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Why Aren’t Carrots White or Purple?

bunch of carrots on a grey wooden table
5 second Studio/Shutterstock

Wild carrots look nothing like domesticated carrots. The roots are white or purple, small, and knobbly rather than bright orange, large, and uniform. They just look generally tuber-y, and you’d be hard-pressed to say they were carrots and not parsnips or some other root vegetable unless you’d been told.

But this is where all carrots began.

So, how did this drab, unappealing looking root end up as one of the most vibrant vegetables in the produce aisle? Let’s find out.

Domestication, Domestication, Domestication

When we humans domesticate a species, it doesn’t stay like its wild counterpart for long. Corn’s ancestor is a fairly standard looking grass. Wild bananas are short, stumpy, green—and inedible, at least if they’re not cooked. And wild carrots aren’t orange.

What happens is that as a plant gets domesticated, we start to take charge of its reproduction—and thus it’s evolution. In the wild, plants develop to take advantage of their environment. Large roots are costly—in survival terms—so they don’t grow any bigger than necessary in their natural habitat. However, to humans, large edible roots are a boon: they’re a great, easy source of calories and nutrients.

Around 1000 years ago, the first carrots were domesticated in Central Asia. These had purple and yellow roots. Over the years, people selected and sowed—both deliberately and accidentally—carrots with larger and larger roots and in a wider array of colors.

By the 1500s, domesticated carrots were red, white, yellow, purple, and, sometimes, orange. And that’s when things started to change for the carrot.

About That Dutch Thing

There is a reasonably persistent story that carrots are orange because of Prince William of Orange. In some variants, orange carrots were invented in honor of the prince; in others, farmers just started growing them in huge numbers in tribute to him—to the point that few other carrot colors are grown today.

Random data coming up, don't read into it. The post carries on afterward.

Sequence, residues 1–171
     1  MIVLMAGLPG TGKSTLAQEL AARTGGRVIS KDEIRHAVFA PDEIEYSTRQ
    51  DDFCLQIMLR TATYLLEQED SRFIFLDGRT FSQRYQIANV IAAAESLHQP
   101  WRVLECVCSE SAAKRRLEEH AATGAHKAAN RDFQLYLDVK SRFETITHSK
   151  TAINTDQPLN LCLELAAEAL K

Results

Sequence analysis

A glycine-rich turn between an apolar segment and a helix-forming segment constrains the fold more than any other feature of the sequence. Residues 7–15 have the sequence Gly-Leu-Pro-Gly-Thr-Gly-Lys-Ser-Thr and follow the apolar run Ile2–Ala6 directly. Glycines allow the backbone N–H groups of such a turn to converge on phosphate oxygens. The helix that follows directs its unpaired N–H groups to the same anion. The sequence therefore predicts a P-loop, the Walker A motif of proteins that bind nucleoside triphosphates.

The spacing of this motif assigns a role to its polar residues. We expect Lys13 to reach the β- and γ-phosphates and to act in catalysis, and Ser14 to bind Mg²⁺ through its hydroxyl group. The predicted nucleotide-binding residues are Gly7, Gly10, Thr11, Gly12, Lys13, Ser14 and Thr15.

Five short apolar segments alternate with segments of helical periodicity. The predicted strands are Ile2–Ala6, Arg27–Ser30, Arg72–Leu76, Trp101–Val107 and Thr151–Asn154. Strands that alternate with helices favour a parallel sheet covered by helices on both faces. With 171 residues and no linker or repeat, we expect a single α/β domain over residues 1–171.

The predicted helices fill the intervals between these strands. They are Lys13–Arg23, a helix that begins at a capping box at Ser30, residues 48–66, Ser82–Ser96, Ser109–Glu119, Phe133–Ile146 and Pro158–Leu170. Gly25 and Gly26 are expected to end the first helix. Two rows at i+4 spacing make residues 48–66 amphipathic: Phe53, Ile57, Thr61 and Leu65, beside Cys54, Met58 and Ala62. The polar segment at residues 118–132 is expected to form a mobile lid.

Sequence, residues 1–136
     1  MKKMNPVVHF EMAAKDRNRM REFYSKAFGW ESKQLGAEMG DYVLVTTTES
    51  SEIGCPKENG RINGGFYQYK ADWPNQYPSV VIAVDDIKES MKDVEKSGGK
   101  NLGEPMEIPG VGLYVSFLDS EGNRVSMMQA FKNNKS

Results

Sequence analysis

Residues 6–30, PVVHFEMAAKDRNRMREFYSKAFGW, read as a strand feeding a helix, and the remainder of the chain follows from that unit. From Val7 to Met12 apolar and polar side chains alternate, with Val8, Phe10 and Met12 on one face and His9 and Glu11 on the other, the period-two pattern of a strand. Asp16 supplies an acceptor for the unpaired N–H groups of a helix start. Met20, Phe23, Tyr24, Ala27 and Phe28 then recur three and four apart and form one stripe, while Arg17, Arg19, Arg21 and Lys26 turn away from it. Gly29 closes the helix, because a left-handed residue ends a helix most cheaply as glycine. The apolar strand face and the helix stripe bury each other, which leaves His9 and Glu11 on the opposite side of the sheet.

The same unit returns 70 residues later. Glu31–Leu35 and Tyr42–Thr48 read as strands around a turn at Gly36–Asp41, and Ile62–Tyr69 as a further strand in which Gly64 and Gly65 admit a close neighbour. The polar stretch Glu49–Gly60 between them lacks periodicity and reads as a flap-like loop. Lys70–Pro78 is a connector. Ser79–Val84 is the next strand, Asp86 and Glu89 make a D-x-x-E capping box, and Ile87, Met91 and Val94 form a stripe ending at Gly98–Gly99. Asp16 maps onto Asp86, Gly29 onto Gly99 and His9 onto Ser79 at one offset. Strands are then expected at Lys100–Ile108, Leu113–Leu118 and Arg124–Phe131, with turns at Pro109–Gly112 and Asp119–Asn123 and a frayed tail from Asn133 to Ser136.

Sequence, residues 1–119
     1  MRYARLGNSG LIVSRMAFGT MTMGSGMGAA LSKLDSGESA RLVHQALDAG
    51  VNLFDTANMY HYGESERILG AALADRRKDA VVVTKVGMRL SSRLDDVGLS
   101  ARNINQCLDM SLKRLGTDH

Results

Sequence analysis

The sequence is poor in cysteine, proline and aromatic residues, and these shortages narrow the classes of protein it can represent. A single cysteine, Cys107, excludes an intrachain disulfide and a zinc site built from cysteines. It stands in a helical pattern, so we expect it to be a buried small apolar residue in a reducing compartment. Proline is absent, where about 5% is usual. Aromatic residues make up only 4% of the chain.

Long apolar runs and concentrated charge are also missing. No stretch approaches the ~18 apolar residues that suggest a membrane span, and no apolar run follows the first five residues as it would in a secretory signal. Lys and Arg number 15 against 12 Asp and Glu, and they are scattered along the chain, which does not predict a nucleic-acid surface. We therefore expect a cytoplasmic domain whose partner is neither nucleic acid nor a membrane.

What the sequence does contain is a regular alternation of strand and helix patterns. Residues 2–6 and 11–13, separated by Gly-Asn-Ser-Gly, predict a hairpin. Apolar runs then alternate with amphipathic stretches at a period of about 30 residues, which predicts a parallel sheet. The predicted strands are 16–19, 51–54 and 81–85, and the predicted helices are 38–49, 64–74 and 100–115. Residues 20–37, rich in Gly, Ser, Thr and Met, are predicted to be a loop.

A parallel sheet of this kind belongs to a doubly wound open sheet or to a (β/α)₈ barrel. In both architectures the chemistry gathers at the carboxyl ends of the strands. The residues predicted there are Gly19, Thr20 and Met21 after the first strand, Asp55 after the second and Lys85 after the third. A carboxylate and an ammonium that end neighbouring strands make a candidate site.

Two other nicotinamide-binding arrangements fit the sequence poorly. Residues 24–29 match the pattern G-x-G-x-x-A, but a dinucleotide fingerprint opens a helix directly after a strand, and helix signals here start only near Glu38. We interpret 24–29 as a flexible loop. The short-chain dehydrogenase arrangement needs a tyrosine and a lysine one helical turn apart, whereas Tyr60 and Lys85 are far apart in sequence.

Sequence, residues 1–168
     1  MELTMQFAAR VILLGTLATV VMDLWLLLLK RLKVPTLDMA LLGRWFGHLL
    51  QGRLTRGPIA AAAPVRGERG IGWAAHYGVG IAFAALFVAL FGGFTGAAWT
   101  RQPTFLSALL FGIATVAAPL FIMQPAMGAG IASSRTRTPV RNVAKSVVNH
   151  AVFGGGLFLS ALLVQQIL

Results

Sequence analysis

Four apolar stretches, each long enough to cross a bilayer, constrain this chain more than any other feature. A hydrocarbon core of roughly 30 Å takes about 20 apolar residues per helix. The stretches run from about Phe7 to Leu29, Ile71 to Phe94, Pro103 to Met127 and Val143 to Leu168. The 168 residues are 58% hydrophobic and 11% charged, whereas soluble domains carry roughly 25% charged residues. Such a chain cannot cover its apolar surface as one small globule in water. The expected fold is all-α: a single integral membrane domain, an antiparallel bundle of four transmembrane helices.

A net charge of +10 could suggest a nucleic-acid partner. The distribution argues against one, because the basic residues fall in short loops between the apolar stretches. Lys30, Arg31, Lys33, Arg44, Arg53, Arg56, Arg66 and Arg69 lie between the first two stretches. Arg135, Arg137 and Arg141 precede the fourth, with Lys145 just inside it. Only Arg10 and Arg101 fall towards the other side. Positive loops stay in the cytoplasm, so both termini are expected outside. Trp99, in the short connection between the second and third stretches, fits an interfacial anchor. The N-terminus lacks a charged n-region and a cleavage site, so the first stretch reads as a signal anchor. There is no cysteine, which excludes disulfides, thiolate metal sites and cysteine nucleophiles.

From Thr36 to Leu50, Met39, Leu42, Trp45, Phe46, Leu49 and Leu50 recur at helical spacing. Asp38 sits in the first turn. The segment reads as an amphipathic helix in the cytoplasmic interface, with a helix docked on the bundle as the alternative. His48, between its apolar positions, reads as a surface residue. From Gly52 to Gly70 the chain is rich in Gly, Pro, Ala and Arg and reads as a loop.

Like all good stories, there are some elements of truth to it—and some bits of pure fabrication. The World Carrot Museum is pretty firm on the chain of events. It goes something like this:

  • In the 16th Century, the Dutch were growing a lot of carrots in different shades. Some were yellow and purple. But some were also orange. Whatever way you look at things, the Dutch orange carrots predate William of Orange.
  • In the 1570s, the Dutch adopted Orange as their national color during their War of Independence. It comes from the flag of the County of Nassau, the sovereign state which William of Orange was Count of before he became a Prince. (European titles are super awkward to keep track off; just roll with it).
  • With orange as their national color, the Dutch started declaring other orange stuff national. Including the orange carrot, which became their national vegetable.

So, the order of things is orange carrots > the Dutch really like orange > the Dutch really like orange carrots.

So, Why Orange?

The orange color in carrots is caused by beta-Carotene. It’s also what gives sweet potatoes and pumpkins their color, and in lesser concentrations, white and yellow carrots. And it’s fat-soluble.

The color compounds in purple carrots, on the other hand, is water-soluble. Cook a pot of purple carrots, and the water goes dark and disgusting—and it’s apt to stain your wooden spoon. This, according to the World Carrot Museum, is the big reason that people have historically favored white, yellow, and yes, orange carrots over other colors.

Don’t Call It a Comeback

While industrial orange carrots still dominate grocery stores, things are different in farmers’ markets. You can find purple, white, and yellow carrots, as well as short ugly ones and big knobbly ones. There’s a lot more variety.

And while these carrots were never gone, they’re now getting a reputation as a superfood. Don’t be surprised if you see brightly colored rainbow carrots everywhere soon.

Harry Guinness Harry Guinness
Harry Guinness is a photography expert and writer with nearly a decade of experience. His work has been published in newspapers like the New York Times and on a variety of other websites, including Lifehacker. Read Full Bio »